Cranberry popularity rises with the holiday season but uses for the nutrient-dense fruit can extend year-round.

Cranberries’ peak availability is in October, and peak demand is in November and December, said Bob Wilson, managing member of Wisconsin Rapids, Wis.-based Cranberry Network.

“It’s hard to attract consumers to cranberries too early because if it is warm, they are still thinking pineapple and mango,” he said.

During the holidays, displays and signage remind consumers cranberries are a part of the holiday season, said Karen Cahill, marketing director of Wareham, Mass.-based Cranberry Marketing Committee.

“They are a kitchen staple during the holiday season, and we see a variety of use emerge,” said Brian Bocok, vice president of produce management at Estero, Fla.-based Naturipe Farms.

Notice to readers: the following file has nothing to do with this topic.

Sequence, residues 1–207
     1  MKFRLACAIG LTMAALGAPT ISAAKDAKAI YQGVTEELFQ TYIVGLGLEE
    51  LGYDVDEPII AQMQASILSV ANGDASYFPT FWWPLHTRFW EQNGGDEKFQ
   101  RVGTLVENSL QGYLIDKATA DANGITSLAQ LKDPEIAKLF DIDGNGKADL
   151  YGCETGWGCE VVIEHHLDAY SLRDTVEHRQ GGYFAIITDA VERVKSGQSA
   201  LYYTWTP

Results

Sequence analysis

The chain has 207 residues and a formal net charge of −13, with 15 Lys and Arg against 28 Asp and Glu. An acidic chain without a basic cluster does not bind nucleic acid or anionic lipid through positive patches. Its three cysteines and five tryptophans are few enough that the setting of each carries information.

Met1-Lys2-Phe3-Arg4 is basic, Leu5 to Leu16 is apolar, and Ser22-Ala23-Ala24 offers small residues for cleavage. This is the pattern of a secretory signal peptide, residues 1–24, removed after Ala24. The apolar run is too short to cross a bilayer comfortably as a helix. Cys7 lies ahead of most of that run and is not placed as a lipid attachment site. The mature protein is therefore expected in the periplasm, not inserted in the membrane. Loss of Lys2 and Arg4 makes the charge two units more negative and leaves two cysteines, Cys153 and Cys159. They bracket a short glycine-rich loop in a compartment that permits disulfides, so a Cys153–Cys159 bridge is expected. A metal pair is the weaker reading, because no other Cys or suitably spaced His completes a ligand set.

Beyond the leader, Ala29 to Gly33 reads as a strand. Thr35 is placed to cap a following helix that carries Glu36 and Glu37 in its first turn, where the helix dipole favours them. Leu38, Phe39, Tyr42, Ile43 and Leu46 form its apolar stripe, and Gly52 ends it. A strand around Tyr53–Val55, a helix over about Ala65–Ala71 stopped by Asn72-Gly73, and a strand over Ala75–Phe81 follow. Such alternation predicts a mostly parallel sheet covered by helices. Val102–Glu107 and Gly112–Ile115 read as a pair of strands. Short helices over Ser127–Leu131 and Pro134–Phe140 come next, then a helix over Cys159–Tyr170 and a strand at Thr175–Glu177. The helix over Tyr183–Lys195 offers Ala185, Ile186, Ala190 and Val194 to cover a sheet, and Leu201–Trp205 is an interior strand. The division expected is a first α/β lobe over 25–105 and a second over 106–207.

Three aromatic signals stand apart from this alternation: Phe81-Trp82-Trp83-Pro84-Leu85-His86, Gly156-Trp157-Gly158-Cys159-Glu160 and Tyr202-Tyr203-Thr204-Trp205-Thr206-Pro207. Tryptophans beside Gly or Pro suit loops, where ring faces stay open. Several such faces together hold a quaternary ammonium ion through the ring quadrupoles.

However, only about 3% of cranberries are utilized in the produce section, Wilson said. Most other cranberries become processed.

“Encouraging shoppers to ‘buy two, freeze one’ is a great way to elevate sales and is often much appreciated by consumers, assuring they will have fresh cranberries in the house throughout autumn and the holidays,” said Tony Illiano, category manager for Oppy.

Wilson said cranberries should be looked at as more than grandma’s cranberry sauce, adding that sales have been flat in the past six years.

“A flat sales trend over time is, really, negative,” Wilson said. “The real challenge is getting the attention of younger consumers.”

Versatility is a marketing driver for cranberries, Cahill said.

“Beyond the holidays, recipes are an important tool for providing shoppers with new ideas for using cranberries,” she said. 

CMC offers a wide variety of foodservice recipes to help incorporate cranberries, Cahill said. They also have retail resources available to help drive in-store sales.

“Key messages and year-round usage ideas help keep cranberries at the forefront of shoppers’ minds,” she said.

 
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